Did you really not know that selling out your clients could get you in trouble?

A law firm that agreed to take many millions — up to $7.5 millions — from a defendant in return for getting plaintiff-clients to settle cheap seems not to have thought that far ahead.

The firm hired on to represent 587 people who claimed that Nextel discriminated against them in the terms or conditions of employment. But it also agreed with Nextel to get its clients to accept a Dispute Resolution and Settlement Agreement (DRSA), which forced them to mediate and then arbitrate but also promised the firm a big pay day.

Some of the clients sued the firm. The district court granted a motion to dismiss for failure to state a claim. But the Second Circuit reversed. It said:

On the face of the DRSA, its inevitable purpose was to create an irresistible incentive — millions of dollars in payments having no relation to services performed for, or recovery by, the claimants — for LMB to engage in an en masse solicitation of agreement to, and performance of, the DRSA's terms from approximately 587 claimant clients. The effectiveness of the DRSA, and therefore the payments to LMB, depended on Nextel's conclusion that a sufficient number or clients had agreed to it. . . . By entering the DRSA, agreeing to be bound by its terms and accepting the financial incentives available therein, LMB violated its duty to advise and represent each client individually, giving due consideration to differing claims, differing strengths of those claims, and differing interests in one or more proper tribunals in which to assert those claims.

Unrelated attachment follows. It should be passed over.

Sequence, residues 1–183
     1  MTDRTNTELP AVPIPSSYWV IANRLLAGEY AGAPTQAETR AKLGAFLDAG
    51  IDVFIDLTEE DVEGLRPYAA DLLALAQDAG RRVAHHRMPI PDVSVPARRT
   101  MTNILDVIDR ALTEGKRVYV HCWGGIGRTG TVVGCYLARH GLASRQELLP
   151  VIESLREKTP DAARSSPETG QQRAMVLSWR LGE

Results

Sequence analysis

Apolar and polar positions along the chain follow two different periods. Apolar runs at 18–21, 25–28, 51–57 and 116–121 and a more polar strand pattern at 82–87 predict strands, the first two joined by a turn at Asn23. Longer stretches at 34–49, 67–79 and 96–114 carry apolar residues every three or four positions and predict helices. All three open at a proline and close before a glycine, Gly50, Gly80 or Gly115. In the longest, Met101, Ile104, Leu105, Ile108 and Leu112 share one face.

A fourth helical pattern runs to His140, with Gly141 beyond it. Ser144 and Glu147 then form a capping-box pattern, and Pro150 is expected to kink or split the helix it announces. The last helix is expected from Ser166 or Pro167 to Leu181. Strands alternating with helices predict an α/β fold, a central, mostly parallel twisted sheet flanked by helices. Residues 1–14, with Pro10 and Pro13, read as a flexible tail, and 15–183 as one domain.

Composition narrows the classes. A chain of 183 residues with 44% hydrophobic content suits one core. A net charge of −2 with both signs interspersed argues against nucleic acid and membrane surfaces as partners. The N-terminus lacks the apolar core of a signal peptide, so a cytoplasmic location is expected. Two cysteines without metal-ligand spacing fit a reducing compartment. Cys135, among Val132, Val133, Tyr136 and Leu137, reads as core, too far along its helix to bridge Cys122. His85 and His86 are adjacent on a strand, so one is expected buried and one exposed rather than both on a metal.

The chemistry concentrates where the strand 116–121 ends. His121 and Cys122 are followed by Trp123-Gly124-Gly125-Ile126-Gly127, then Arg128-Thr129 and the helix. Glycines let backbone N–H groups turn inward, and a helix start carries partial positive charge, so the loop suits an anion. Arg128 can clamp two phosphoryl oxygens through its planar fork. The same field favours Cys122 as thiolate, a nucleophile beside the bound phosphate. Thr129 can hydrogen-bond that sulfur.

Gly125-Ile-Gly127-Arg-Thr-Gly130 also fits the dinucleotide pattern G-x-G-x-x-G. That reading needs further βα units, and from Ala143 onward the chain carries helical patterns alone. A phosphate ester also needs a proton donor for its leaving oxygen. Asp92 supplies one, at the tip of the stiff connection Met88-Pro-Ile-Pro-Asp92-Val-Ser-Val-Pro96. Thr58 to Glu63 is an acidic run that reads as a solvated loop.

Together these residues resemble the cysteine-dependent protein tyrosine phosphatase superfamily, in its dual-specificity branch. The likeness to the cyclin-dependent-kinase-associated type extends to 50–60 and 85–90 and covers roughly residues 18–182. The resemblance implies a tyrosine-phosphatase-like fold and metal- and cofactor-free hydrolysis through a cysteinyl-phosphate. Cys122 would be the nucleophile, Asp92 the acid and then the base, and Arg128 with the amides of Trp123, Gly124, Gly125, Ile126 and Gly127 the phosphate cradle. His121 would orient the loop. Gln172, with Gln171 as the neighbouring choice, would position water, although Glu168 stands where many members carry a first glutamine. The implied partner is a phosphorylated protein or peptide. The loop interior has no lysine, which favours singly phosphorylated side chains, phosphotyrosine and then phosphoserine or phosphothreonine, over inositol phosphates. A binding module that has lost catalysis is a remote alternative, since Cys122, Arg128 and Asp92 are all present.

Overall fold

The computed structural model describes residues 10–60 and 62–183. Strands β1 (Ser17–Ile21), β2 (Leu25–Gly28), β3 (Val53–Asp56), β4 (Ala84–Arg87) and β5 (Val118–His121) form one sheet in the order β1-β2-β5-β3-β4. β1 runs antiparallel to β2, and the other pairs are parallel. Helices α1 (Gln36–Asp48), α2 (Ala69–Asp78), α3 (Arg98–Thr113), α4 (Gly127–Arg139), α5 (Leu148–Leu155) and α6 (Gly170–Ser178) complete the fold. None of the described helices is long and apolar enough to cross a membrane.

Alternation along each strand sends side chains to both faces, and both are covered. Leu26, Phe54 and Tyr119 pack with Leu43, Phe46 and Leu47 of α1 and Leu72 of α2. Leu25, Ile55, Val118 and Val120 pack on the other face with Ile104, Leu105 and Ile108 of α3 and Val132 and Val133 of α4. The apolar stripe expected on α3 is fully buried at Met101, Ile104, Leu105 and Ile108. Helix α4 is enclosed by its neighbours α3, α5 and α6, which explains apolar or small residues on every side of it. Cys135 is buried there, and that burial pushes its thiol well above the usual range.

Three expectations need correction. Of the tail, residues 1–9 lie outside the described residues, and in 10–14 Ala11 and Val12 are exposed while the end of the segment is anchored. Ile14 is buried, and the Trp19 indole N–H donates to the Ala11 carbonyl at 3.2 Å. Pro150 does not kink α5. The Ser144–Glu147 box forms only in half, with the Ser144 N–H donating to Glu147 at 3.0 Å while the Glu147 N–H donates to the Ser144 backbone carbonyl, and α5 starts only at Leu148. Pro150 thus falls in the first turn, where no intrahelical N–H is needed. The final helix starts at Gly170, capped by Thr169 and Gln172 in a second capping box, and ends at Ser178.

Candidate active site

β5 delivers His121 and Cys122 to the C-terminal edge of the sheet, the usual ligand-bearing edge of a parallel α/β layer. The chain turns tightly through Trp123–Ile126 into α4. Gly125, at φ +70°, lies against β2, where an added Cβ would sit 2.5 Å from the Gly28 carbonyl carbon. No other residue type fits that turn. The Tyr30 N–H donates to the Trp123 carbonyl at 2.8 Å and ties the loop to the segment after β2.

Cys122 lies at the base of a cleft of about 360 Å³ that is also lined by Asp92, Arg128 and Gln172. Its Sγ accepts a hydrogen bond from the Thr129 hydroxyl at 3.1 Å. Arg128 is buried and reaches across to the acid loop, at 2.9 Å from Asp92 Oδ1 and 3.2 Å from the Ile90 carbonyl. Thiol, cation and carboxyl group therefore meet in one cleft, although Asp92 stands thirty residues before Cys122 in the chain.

Johnson v. Nextel Communications, Inc., No. 09-1892-CV (2d Cir. Sept. 26, 2011) (footnotes omitted). The panel thus upheld the complaint and sent the case back to the district court to deal further with the claims that the law firm breached fiduciary duties to its clients.

Blawgletter offers no view on whether the law firm in fact did wrong. Ahem.